defective but the plaintiff must be able to prove that the manufacturer

Defective but the plaintiff must be able to prove

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defective, but the plaintiff must be able to prove that the manufacturer breached a duty of care. Additionally, the plaintiff must have sustained damages to themselves or their property (depending upon the state) that were a direct result of the defect in the product that has not been modified or changed from the original product. 2. Compare and explain the primary differences between strict product liability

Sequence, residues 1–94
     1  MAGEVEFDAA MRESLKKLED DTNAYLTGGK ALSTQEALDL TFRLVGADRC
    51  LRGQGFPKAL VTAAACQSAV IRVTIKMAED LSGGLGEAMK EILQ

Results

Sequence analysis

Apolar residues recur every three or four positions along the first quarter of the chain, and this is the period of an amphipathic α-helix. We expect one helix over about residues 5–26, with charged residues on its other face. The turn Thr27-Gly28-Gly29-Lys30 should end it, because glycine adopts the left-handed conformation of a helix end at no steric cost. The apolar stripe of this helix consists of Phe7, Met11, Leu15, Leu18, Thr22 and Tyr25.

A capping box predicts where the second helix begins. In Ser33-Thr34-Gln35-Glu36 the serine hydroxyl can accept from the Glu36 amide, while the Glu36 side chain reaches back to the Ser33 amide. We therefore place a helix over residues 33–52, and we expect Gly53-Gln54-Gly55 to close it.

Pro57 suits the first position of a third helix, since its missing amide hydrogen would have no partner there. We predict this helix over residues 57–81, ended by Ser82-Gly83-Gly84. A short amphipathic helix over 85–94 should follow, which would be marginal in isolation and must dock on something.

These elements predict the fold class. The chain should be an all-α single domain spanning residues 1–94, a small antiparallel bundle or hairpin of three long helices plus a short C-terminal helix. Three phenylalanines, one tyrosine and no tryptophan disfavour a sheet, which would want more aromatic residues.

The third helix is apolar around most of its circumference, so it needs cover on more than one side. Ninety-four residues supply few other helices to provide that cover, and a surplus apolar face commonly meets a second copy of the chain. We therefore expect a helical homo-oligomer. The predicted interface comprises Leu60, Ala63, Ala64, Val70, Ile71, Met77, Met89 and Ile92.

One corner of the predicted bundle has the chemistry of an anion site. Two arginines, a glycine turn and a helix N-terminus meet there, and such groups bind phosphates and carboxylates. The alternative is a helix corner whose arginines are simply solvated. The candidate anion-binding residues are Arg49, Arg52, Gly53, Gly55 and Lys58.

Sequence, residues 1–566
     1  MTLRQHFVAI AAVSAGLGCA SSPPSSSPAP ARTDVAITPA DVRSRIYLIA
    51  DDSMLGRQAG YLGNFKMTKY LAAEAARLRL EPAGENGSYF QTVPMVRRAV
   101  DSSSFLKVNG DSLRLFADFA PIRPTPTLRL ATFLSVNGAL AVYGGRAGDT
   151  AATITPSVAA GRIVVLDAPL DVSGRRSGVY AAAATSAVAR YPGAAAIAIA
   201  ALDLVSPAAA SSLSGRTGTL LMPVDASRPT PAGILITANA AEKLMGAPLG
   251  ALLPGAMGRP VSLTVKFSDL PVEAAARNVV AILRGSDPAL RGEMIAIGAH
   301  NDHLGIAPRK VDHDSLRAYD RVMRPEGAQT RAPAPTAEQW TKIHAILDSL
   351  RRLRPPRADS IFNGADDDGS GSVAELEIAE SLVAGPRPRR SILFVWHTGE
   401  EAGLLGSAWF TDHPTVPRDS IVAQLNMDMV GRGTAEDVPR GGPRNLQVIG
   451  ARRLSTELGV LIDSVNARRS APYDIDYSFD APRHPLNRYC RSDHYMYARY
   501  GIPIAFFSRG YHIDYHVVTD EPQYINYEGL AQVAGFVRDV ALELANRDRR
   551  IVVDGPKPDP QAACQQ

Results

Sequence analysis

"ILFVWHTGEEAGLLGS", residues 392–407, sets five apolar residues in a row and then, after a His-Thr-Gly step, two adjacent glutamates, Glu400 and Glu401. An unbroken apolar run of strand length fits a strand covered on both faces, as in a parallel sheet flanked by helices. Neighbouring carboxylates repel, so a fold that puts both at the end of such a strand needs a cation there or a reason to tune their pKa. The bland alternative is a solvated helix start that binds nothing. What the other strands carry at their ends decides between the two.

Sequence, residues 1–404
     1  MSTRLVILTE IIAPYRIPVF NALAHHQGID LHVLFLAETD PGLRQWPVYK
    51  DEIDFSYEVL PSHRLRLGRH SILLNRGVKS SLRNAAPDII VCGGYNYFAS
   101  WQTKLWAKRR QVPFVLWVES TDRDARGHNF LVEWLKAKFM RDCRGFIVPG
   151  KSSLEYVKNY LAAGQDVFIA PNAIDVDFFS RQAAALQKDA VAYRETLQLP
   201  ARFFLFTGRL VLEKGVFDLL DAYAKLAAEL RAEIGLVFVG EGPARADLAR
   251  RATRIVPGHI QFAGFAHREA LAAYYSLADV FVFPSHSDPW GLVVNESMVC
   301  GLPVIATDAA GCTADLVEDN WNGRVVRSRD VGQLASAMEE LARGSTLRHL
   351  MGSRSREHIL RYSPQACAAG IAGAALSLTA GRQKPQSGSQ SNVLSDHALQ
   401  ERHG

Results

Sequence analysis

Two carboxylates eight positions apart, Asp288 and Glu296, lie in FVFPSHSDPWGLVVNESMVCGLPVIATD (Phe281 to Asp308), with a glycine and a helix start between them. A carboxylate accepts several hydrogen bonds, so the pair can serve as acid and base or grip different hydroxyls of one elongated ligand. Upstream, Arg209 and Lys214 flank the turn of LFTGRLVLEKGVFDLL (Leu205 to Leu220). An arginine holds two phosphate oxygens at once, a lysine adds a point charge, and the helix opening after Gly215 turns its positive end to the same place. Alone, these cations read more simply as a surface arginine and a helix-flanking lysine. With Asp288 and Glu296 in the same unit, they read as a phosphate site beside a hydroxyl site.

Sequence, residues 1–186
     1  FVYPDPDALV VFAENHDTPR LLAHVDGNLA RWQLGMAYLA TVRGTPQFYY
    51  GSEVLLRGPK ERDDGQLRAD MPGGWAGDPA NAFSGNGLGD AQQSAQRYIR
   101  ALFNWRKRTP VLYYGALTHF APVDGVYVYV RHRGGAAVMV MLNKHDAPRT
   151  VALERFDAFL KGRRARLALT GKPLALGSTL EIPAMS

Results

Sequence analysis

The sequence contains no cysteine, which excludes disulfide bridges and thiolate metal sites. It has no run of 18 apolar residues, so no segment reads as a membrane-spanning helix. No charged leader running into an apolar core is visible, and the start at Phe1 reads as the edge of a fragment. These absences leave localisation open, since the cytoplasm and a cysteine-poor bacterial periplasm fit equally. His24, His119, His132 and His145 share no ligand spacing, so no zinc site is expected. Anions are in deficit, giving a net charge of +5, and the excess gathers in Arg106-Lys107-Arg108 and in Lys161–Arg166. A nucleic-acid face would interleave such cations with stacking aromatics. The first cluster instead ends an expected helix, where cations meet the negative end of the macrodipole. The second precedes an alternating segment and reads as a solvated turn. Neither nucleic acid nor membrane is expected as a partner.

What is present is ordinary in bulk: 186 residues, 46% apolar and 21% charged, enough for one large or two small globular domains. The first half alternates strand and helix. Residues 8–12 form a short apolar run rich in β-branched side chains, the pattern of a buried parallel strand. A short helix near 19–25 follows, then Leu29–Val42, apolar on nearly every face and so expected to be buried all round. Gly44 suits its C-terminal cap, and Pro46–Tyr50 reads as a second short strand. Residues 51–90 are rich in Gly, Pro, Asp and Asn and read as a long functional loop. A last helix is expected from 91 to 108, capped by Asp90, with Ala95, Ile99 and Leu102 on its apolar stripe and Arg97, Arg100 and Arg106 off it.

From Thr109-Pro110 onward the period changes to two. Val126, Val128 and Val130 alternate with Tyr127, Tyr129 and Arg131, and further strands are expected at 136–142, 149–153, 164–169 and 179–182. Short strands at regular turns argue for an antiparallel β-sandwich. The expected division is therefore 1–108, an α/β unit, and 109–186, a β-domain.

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and negligence.In order to prove negligence, you must be able to prove that the manufacturer, distributor, wholesaler or retailer did not exercise a duty of care. Under strict liability, a duty of care is not relevant, and it is only relevant if a product was defective or lacked proper warnings of the hazard it presents and caused injury to a consumer, a user, and in some cases even a bystander. Another distinct difference between strict product liability and negligence is that under negligence privity (a relationship between the two parties) is required whereas under strict liability privity is not required. Under the Uniform Act, a consumer is required to give reasonable notice to the seller that they were injured. While a case under the theory of negligence falls under The Uniform Act, a case under the strict liability theory does not. This means that an individual could pursue a suit against a seller or those applicable under the law without having provided reasonable notice they were injured.
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